Let me give you some examples of what General Mills is doing in this innovative area. The University of Minnesota thought that they could get correspondence courses to the prisoners at Stillwater the convicts there and they could not get the funds for this. So General Mills did contribute and out of that is one specific example is Frank Ellie's book who was a convict into a lot of the riot which is now a very popular bestseller. These are creative uses of philanthropy that I think that corporations should should do and do more of and do it better. Mr. Mulford What is one Illinois company actually done has some social implications perhaps of the kinds we're talking about or perhaps some other types. Well it may be that I don't take take quite as broad a view of our responsibilities as Mr. Pope. I think I rationalize sometimes and the rationalization may be kind of far fetched but I still feel. That we don't give away anything that we must invest
constructively for the benefit of our enterprise. I can give you an example however which is rather an interesting one. Some time ago 10 years ago. We obtained by a grant from the crown. The right to harvest pulpwood on two of the major islands in the Bahamas. The quid pro quo from the ground standpoint was that in order to do this we would have to put in a network of roads which would open up the islands and we did. We built a network of some fifteen hundred miles of excellent roads particularly in greater Abaco Island. In a period of 10 years we completed the harvest. In the meantime we built a very fine organization of somebody's 500 people. We were in effect the largest employers in the Bahama Islands. The growth cycle of the trees however is 35 years and we were faced with the necessity of withdrawing our operation which would have left these people without employment. We obtained a consulting firm and we
studied different methods that would enable us to bring an economically viable operation to the islands. And we finally very surprisingly to me. Determined that we could grow sugar and we could put a sugar refinery in there. And with highly automated methods that we could probably be the lowest cost sugar producer in the world. And I wasn't This thought actually I was Gration of making profit. Absolutely absolutely. We wouldn't have considered it if it was not economically viable. We don't feel that we have the right to give away the funds of our company. At the same time let me say this. We have many opportunities. We have to select between them. There were others that were equally good as the one that we gauged on in the Bahamas. But the fact that we felt that we had a social obligation was a predominant factor in having this determined to go ahead with this particular venture.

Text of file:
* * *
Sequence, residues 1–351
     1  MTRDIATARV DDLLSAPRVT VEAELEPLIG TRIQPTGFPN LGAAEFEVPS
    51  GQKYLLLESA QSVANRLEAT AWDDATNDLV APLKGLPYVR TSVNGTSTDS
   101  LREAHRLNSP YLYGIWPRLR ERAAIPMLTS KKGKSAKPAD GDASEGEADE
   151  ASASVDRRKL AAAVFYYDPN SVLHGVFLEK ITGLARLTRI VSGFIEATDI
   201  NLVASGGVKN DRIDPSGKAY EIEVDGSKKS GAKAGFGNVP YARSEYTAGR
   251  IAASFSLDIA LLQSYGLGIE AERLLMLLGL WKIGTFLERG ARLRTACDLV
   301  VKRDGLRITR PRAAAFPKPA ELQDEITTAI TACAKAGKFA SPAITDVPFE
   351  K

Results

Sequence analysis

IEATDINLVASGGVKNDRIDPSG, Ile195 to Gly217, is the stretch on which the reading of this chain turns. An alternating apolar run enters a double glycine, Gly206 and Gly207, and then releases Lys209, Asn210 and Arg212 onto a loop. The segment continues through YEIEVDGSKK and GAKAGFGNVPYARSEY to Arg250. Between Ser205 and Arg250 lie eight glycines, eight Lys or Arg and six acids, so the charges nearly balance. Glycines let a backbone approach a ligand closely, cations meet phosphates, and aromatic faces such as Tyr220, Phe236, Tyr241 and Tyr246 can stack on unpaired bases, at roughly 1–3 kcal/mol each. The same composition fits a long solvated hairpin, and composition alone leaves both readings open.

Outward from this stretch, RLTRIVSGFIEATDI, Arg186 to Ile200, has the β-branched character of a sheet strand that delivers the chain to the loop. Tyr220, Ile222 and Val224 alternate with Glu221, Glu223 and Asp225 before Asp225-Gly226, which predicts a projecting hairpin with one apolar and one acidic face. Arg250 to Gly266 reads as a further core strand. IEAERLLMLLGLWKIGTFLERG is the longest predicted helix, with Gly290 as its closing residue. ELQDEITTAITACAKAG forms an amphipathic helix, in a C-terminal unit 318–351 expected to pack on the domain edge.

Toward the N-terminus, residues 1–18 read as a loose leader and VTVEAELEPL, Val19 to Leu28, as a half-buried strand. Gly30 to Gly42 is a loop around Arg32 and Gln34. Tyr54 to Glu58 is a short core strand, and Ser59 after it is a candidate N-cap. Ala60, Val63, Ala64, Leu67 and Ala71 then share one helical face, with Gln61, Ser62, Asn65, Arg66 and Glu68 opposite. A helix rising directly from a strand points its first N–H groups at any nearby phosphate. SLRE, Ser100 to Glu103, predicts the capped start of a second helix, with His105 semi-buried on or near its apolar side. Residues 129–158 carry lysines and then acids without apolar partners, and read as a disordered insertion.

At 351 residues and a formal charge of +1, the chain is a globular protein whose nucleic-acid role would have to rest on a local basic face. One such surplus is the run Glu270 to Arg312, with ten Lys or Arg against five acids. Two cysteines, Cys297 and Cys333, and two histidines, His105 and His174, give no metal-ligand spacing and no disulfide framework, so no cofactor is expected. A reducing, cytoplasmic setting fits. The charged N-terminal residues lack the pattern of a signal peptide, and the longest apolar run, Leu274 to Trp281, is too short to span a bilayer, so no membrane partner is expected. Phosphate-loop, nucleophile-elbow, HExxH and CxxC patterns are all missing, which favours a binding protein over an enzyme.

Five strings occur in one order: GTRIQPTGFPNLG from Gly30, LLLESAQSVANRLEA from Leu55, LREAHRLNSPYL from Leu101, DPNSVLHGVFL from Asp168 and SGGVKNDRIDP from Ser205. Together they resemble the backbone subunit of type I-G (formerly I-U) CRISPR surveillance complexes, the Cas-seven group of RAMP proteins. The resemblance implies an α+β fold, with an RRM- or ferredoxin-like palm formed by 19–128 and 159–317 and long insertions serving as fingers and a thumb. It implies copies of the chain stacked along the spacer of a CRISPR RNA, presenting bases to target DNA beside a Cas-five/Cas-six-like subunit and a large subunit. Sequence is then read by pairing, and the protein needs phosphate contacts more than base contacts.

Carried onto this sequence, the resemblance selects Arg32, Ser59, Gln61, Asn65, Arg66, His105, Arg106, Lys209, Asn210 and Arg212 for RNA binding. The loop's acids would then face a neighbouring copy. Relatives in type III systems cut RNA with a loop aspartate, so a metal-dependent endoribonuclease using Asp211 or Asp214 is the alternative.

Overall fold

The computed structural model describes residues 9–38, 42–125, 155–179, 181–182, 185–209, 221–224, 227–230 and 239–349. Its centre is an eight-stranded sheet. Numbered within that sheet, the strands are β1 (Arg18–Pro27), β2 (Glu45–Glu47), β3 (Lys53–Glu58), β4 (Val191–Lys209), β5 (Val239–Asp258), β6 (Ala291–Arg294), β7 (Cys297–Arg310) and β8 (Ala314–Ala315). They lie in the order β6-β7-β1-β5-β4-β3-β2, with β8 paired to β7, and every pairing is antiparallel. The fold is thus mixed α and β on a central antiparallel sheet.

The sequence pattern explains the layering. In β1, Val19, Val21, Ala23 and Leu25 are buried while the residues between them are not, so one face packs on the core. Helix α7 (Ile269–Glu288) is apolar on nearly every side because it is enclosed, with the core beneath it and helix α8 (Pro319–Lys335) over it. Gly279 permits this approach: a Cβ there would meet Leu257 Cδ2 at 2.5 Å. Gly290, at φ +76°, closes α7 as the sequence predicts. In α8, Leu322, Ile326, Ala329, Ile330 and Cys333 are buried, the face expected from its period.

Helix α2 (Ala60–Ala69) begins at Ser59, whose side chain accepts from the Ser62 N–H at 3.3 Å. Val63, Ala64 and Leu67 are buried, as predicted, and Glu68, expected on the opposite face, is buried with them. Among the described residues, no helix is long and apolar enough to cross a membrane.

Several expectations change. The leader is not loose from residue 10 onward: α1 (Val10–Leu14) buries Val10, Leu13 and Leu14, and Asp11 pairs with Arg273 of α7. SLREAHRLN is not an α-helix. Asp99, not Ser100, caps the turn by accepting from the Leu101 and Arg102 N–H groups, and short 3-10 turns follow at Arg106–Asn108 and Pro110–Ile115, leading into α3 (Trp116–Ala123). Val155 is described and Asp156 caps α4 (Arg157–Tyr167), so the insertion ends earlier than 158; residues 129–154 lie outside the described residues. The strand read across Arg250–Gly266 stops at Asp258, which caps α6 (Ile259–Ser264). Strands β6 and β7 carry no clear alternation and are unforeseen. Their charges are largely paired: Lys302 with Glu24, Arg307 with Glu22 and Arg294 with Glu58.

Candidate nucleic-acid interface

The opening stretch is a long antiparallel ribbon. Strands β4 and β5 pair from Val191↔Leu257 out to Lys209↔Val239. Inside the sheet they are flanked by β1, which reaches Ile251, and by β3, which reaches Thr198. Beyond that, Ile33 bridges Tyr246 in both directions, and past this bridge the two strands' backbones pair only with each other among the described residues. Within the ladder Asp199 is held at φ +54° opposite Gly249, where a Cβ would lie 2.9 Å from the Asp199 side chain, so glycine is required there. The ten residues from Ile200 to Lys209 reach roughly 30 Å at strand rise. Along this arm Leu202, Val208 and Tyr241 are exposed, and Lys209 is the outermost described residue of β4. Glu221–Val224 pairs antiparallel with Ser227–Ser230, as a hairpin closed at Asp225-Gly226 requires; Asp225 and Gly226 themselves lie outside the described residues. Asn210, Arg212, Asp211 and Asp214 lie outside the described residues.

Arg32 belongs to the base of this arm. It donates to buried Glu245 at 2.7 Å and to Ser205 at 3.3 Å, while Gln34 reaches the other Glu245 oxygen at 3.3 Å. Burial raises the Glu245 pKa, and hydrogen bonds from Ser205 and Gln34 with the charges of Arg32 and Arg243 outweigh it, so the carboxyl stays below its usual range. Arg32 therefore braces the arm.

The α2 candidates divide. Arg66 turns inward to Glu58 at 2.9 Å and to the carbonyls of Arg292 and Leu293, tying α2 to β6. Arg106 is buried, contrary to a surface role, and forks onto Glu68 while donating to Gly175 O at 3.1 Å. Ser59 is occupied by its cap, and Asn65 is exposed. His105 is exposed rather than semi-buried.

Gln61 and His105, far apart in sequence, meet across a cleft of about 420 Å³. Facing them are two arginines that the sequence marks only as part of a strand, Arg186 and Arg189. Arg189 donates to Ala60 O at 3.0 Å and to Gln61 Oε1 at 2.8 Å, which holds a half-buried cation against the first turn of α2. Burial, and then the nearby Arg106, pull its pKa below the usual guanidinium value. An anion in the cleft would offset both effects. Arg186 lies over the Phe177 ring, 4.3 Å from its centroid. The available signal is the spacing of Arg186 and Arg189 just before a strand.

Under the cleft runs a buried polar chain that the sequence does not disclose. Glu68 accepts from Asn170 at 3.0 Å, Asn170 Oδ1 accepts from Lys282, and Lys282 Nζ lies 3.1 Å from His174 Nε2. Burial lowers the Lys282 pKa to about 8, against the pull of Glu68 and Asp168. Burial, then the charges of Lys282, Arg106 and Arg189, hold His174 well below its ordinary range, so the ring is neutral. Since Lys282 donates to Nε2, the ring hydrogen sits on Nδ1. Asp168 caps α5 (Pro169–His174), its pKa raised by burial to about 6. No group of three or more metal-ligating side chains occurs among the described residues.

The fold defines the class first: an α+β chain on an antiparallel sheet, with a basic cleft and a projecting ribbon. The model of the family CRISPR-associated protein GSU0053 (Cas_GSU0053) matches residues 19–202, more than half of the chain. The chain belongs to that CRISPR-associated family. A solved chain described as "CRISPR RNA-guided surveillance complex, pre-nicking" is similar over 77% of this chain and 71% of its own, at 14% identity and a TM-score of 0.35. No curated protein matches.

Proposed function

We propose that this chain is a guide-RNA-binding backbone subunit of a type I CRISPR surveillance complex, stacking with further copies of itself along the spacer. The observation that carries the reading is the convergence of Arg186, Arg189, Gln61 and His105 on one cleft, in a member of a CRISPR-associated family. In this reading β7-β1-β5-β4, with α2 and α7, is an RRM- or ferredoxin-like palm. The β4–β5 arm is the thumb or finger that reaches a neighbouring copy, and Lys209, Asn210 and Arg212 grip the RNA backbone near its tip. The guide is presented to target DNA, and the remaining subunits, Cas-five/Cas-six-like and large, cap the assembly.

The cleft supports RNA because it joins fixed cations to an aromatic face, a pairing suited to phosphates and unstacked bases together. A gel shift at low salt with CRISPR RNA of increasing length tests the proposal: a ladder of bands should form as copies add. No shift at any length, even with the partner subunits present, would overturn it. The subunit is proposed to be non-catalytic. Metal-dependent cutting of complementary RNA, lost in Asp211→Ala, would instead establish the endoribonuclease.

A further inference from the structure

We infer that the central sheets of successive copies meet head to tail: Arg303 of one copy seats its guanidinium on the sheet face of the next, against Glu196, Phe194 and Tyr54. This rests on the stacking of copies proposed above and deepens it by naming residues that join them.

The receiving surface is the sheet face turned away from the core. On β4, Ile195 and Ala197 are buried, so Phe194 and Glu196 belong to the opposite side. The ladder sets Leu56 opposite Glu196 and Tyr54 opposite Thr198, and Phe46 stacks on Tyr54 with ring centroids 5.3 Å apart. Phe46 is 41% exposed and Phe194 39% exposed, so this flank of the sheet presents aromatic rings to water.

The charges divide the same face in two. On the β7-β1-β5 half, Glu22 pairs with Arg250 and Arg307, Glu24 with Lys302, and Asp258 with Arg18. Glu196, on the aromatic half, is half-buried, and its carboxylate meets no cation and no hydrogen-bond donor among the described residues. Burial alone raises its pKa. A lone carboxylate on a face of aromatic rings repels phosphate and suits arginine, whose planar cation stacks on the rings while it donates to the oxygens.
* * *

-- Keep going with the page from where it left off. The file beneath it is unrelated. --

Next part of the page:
In other words your fundamental decision was based on you thought you had an obligation to the 500 people that now would have lost employment. This is correct in substance as a loan. We can employ them. In economic ventures that would not detract from the strength the worker the real and that gets back to this key thing that we don't want to lose sight of. As we talk about the businesses social responsibility and social conscience and that is that the ability to do these things real rest very heavily on the economic strength we can now worry about pollution and worry about train and ego and worry about getting the ghetto straighten out because. We have a great economic base. Now we've got to protect that and keep it growing and being dynamic or in fact we won't be able to carry out these other. So I don't expect meet the expectations of our social system. What are some of the expectations of our social system that General Mills is involved with. Well I can give you one. Quick example let's
take the overall food problem in the world as an example. Here we're doing we recognize where the biggest problem is the protein shortage in the world this is creating them out through malnutrition problem. This is in the poorer countries that are africa india etc. We know it's a pity the horror that's going to come someday with these populations increase. Well one thing that we've been working on is eliminating the cow and the hog. And I want I mean by that well you can chemically process so I be fibrous vegetable In other words as a cow down into our meat fiber without going through the inefficiency of the cow. Now what does this mean when it means that in joint ventures possibly with governments of South America Africa and India that we could work with them and. It really didn't meet a major problem and we recognize that long term we expect to make a profit out of this and have to be economically justifiable Another advantage of this. I might add is that as
you meet some of these major social obligations you attract the kind of people creative people you want to attract who want to have some kind of a commitment to what they're doing. And by I think even it can provide is committed by tackling some of these problems at a profit. Well are both you gentlemen are really saying that the social objectives that you are aiming for are that other people become a part of our society also in mesh quite nicely into the modern corporation in terms of its desire for profits. In other words your example of this synthetic food it clearly has you manic stick views. But also you're hoping in the long run it's going to be beneficial for profit. The silly idea we've been talking about. Profits I'd like to give my simplistic definition of profits a person or I-5 as business managers. We have the responsibility for utilizing capital. And